Izzeldin Abuelaish captured widespread sympathy in Israel when he lost three daughters and a niece in an Israeli strike during the 2009 war in the Gaza Strip. Now, the Palestinian doctor is seeking justice in Israel's highest court.
Abuelaish is scheduled to appear before the Supeme Court in Jerusalem on Monday in hopes of receiving an apology from Israel and compensation for his loss.
The Harvard-educated doctor, a widower who moved to Canada after the tragedy, says he is hopeful that he will prevail. But after a lower court rejected his case in 2018, he knows he might have traveled 9,000 kilometers (6,000 miles) only to lose again.
In an interview with The Associated Press, Abuelaish said that such an outcome would only shine a brighter light on the injustice of his family's pain. Either way, he says, the retelling of the story is a step in itself on the path toward a legacy of peace for his daughters — of "creating life from death and killing."
"If we have a positive answer from the court, this is a great success," Abuelaish said. But whatever the legal result, "I am determined we are not the victims anymore."
Abuelaish, 66, was an obstetrician and peace activist well known in Israel even before the tragedy. He had worked in an Israeli hospital while living in Gaza. And during the war, launched to end Hamas' rocket fire on Israeli border towns, he often gave updates to Israeli media in fluent Hebrew.
But on Jan. 16, 2009, live television broadcast a nightmarish, real-time report from Abuelaish to Israelis watching Channel 10 for news about the war.
"My daughters have been killed," he sobbed into a phone. A journalist listened at the other end of the line as the audio aired live.
The blast from the Israeli strike took the lives of his daughters Aya, 14, Bessan, 21, and Mayar, 15, as well as his niece Noor, 17. Footage from the scene shows Abuelaish directing the evacuation of another daughter, Shatha, 17, who was severely wounded but survived.
For 13 years, Abuelaish has battled in Israeli courts and the public arena to deliver justice to his family for what he says was a terrible mistake by the Israeli army.
The government says the law shields the military from liability for wartime actions. In 2018, a lower court sided with the army. Abuelaish's appeal to that ruling had been delayed by the coronavirus pandemic, until Monday.
There have been bright spots, Abuelaish said. Two weeks ago, he learned that an expectant Israeli mother had read of his journey and decided to name her baby Aya — after his own daughter. Abuelaish says he'll meet the girl, now 8 years old, and her family over the weekend.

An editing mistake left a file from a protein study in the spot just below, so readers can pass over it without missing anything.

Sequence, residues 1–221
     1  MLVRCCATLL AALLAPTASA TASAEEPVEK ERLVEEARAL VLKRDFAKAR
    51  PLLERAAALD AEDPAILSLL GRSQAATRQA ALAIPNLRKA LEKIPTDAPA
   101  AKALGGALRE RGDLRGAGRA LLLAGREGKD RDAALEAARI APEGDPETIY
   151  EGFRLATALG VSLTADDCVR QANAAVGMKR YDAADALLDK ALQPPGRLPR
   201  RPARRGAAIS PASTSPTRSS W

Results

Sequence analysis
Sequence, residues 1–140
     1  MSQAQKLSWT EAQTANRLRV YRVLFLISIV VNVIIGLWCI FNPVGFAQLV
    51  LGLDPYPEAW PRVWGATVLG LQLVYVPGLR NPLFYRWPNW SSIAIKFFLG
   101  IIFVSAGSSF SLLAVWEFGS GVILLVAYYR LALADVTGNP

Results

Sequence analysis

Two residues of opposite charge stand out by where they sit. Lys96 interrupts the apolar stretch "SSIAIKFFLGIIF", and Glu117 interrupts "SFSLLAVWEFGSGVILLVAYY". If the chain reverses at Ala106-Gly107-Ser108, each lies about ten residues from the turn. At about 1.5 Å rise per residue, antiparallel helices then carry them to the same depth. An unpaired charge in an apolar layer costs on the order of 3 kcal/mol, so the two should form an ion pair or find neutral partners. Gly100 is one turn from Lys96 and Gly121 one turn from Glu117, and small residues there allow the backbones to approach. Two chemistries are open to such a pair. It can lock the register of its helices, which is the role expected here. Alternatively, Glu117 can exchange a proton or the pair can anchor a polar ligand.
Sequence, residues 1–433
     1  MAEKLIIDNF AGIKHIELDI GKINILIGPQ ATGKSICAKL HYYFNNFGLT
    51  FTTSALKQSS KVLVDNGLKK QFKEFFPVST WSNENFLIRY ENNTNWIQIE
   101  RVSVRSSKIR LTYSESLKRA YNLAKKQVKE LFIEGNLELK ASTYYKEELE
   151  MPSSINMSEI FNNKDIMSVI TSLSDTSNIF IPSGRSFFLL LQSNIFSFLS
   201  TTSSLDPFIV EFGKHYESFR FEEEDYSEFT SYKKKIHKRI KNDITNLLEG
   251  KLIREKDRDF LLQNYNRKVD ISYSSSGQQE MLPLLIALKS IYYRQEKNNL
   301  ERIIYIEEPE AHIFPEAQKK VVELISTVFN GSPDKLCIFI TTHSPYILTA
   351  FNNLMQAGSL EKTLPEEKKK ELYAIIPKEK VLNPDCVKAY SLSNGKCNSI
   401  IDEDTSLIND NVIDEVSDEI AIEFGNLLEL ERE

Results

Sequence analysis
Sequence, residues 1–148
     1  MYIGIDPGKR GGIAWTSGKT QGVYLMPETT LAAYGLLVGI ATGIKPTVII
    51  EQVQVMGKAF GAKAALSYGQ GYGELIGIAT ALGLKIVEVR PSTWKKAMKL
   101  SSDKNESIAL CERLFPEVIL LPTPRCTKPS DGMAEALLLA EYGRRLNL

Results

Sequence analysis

"I am so moved," he said, reading from the letter a few days before leaving his home in Toronto for Israel this week. "I didn't know what to do, what to say."
That's rare for the widower and father of five surviving children, who has spoken around the world about the need for facts, truth and equality — and the cost of hate and war. He's been clear about what he wants to make of his daughters' legacy. His book is titled in part, "I Shall Not Hate."
Abuelaish's presence in Israel is an accomplishment in itself. Few Gazans are allowed to enter the country and the success of his cooperation with friends and colleagues in Israel is even rarer.
He has established the Daughters For Life Foundation to give out scholarships, as it did on Thursday to two young women at The Hebrew University in Jerusalem.
He also wants to establish a college for Middle Eastern women, perhaps in Cyprus, named for the foundation and dedicated to his daughters. On Wednesday in Jerusalem, he lobbied members of the Knesset to support that project.
"My daughters' names now are written on their graves, in the stone," Abuelaish told reporters outside Israel's parliament. "I want to see their names written on an institution that spreads light and hope and wisdom to young women."
He hopes for the validation of Israel's high court on Monday, but the legal outlook is difficult, one expert said. The Supreme Court will consider whether the lower court's finding was correct under Israel's tort law.
The court "won't even get to the question of whether the military acted properly," said Yuval Shany, a senior fellow at the Israel Democracy Institute and a law professor at Hebrew University.
In a statement to the AP on Wednesday, the Israeli Defense Ministry pointed to the lower court ruling that the strike on the Abuelaish home occurred during a war.
It also reiterated expert testimony that shrapnel retrieved from two bodies was traced to equipment used by Palestinian militants. That, the ministry said, supports the contention that the five-story home was thought to have served as a Hamas position.
Abuelaish vociferously denies that. He is adamant that there were no militants and no warning until the shells struck.
The 2009 conflict was the first of four wars between Israel and Hamas, the Islamic militant group that has controlled Gaza since 2007. The bitter enemies fought their fourth war in May.
Still, there are signs of change in the region — a new diverse coalition of eight parties took office in Israel in June, with Arabs part of the government for the first time. Dovish Jewish-led parties are also part of the government.
Abuelaish says he got an empathetic reception this week from lawmakers in Knesset, an improvement from his last visit to Israel. Israeli Foreign Minister Yair Lapid gave him a hug.
"Maybe," said Shany, "this government will be more open than the previous one to making such a statement" of apology, "just because the composition is more diverse."
Win or lose in court, Abuelaish has plans afterward — in Gaza.
"I want to go to my daughters grave, to say to them: 'I am here. I didn't give up, I didn't forget you'," he told reporters in Jerusalem. "Until then ... I am educating for your justice."
AP videojournalist Moshe Edri in Jerusalem contributed to this report.